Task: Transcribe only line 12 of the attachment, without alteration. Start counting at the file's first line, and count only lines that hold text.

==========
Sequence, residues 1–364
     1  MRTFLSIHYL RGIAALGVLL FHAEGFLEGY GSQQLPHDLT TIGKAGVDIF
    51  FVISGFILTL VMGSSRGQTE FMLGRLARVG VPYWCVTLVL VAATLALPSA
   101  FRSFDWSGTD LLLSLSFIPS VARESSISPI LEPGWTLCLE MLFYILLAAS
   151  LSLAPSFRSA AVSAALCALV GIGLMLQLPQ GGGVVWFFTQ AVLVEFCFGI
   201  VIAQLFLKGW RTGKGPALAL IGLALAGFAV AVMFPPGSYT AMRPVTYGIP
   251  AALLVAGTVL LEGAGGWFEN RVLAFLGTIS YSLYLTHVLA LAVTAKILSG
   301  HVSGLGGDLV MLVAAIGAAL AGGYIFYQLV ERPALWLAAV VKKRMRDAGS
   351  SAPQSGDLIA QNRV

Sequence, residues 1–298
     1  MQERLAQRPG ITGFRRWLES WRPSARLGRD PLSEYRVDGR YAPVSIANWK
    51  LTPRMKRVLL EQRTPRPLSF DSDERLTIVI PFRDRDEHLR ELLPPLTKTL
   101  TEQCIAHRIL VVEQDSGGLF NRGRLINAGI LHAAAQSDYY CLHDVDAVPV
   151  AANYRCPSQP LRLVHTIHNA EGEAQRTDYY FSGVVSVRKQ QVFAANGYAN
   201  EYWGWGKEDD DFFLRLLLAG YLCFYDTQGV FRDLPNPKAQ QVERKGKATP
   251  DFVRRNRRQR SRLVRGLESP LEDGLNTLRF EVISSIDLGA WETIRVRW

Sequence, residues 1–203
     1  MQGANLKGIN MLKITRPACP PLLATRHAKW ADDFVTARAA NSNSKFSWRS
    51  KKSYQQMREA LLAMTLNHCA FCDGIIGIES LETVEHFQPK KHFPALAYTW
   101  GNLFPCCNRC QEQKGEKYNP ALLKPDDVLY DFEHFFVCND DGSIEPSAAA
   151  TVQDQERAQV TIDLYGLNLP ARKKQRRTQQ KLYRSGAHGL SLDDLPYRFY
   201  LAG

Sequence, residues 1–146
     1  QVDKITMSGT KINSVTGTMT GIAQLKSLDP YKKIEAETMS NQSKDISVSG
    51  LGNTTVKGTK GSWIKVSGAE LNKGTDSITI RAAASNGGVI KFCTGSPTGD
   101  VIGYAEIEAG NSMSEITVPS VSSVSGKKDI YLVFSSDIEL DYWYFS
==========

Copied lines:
    51  LTPRMKRVLL EQRTPRPLSF DSDERLTIVI PFRDRDEHLR ELLPPLTKTL